When 1 (Variable), value1 is set to $game_variables[@params[1]] (the ID of the variable you set in the dialog); then if @params[2] is 0 ("Constant" in the dialog), value2 is set to @params[3], otherwise it's set to $game_variables[@params[3]] ("Variable" in the dialog). We then have a case statement for @params[4]; if it's 0 (Equal to), result is set to value1 == value2. If it's 1 (Greater than or equal to) result is set to value1 >= value2. You've done maths before, you should be able to work out the rest: 2 is less than or equal to, 3 is greater than, 4 is less than, 5 is not equal to.

When 2 (Self Switch), first we check whether @event_id is greater than 0 (because only events can have self switches), then key is set to an array consisting of the current map ID, the current event ID, and @params[1] (the letter of the self switch being checked) and result is set to $game_self_switches[key] == (@params[2] == 0)). So if we're currently on map 5 and checking that event 6 has self switch B ON, key becomes [5, 6, "B"] and result becomes $game_self_switches[[5, 6, "B"]] == (0 == 0); if the self switch is on, this will return true, otherwise it'll return false.

When 3 (Timer), first we check whether $game_timer.working? is true (because there's no point in checking if there isn't even a timer running); if so, and if @params[2] == 0, result is set to $game_timer.sec >= @params[1]. Otherwise, it's set to $game_timer.sec <= @params[1]. @params[2] is 0 if you chose "or More" and 1 if you chose "or Less", while @params[1] is the total number of seconds in the timer, which I believe the editor automatically calculates from the minutes and seconds boxes.

When 4 (Actor), the variable actor is set to $game_actors[@params[1]] (the ID of the actor you chose in the dialog). Then if actor exists, we have a case statement for @params[2]: when 0 (in party) result is true if $game_party includes the given actor, and false otherwise. When 1 (name), result is true if the actor's name is equal to @params[3] (the string entered in the name box). When 2 (Class), result is true if the actor's class ID is equal to @params[3] (the ID of the class selected in the box). When 3 (Skills), result is true if the actor has learned the skill with ID @params[3]. When 4 (Weapons), result is true if the actor has equipped the weapon with ID @params[3]. When 5 (Armours), result is true if the actor has equipped the armour with ID @params[3]. When 6 (States), result is true if the actor has the state with ID @params[3].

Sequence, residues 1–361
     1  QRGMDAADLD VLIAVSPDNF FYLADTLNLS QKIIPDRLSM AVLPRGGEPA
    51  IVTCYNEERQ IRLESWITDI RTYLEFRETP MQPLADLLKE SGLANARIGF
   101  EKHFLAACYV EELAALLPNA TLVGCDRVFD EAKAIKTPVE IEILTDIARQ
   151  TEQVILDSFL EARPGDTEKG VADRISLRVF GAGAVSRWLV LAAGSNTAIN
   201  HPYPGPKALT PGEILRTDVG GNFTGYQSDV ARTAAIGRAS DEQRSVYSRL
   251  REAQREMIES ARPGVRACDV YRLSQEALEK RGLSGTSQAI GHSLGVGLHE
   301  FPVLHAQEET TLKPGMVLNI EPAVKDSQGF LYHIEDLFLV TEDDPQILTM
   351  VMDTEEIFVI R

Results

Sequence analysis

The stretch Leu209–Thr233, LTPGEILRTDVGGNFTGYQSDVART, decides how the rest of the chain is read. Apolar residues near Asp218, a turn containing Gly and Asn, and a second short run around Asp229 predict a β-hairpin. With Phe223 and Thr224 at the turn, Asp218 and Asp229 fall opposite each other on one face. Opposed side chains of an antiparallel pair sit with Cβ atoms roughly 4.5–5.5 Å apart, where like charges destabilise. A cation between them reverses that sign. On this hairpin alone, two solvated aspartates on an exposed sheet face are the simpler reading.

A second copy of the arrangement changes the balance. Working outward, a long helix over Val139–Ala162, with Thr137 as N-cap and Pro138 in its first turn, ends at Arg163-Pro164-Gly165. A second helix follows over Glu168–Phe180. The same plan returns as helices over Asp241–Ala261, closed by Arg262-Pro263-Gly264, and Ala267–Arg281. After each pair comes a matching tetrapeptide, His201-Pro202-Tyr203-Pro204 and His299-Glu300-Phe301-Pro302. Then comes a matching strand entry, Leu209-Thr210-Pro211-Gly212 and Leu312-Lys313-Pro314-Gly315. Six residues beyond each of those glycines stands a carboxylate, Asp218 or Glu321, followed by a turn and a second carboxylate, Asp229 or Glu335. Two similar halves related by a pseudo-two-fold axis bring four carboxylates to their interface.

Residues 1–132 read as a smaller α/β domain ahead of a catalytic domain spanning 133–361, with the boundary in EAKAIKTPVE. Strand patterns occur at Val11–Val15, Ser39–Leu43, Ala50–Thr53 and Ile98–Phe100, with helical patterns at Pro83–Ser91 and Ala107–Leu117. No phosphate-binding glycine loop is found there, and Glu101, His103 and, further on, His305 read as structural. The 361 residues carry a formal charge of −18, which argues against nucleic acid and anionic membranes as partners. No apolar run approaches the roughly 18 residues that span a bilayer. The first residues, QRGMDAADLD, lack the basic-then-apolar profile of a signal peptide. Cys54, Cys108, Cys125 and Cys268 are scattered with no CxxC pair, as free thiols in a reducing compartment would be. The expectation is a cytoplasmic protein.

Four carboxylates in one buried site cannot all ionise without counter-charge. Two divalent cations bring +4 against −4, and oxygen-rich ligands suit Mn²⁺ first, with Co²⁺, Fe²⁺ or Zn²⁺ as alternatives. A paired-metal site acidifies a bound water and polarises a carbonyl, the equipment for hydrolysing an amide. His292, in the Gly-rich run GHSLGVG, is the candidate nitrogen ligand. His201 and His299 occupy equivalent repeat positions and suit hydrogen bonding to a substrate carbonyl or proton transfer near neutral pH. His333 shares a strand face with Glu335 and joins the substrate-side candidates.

When 5 (Enemy), the variable enemy is set to $game_troop.members[@params[1]] (The enemy ID chosen in the dialog). Then if enemy exists, we have a case statement for @params[2]: when 0 (Appeared) result is true if the enemy with the given ID is currently alive. When 1 (State) result is true if the enemy with the given ID has the state with ID @params[3].

When 6 (Character), the variable character is set to the result of calling get_character with @params[1] as its argument. As we saw earlier, this will either be -1 (player), 0 (this event), or the ID of an event on the map. Then if character exists, result is true if the character's direction is equal to @params[2]. Note that internally directions have a numerical representation: down is 2, left is 4, right is 6, up is 8 (which is, incidentally, also the number on a numpad corresponding to that arrow key).

Interesting note: although "Vehicle" is the next option in the list, it actually has a higher number internally.

When 7 (Gold), we have a case statement for @params[2]: when 0 (greater than or equal to) result is true if the party's gold >= @params[1] (the entered value). When 1 (less than or equal to) result is true if the party's gold <= @params[1]. When 2 (less than) result is true if the party's gold < @params[1].

When 8 (Item), result is true if the party possesses the item with the ID @params[1].

When 9 (Weapon), result is true if the party possesses the weapon with ID @params[1]. If you checked the "include equipment" box, @params[2] will be true, false otherwise.

When 10 (Armour), result is true if the party possesses the armour with ID @params[1]. If you checked the "include equipment" box, @params[2] will be true, false otherwise.

When 11 (Button), result is true if the player is pressing the button corresponding to @params[1]. The directions are the same as previously mentioned (down = 2, left = 4, right = 6, up = 8), button A is 11, B is 12, C is 13, X is 14, Y is 15, Z is 16, L is 17 and R is 18.

When 12 (Script), result is true if the evaluated script stored in @params[1] (whatever you entered in the box) returns true.

When 13 (Vehicle), result is true if $game_player.vehicle is the same as $game_map.vehicles[@params[1]]. 0 is Boat, 1 is Ship, 2 is Airship.

Finally, @branch[@indent] is set to result, and we call command_skip if the result was false (because if the condition wasn't met, we don't want to process the code inside it)

def command_411
    command_skip if @branch[@indent]
  end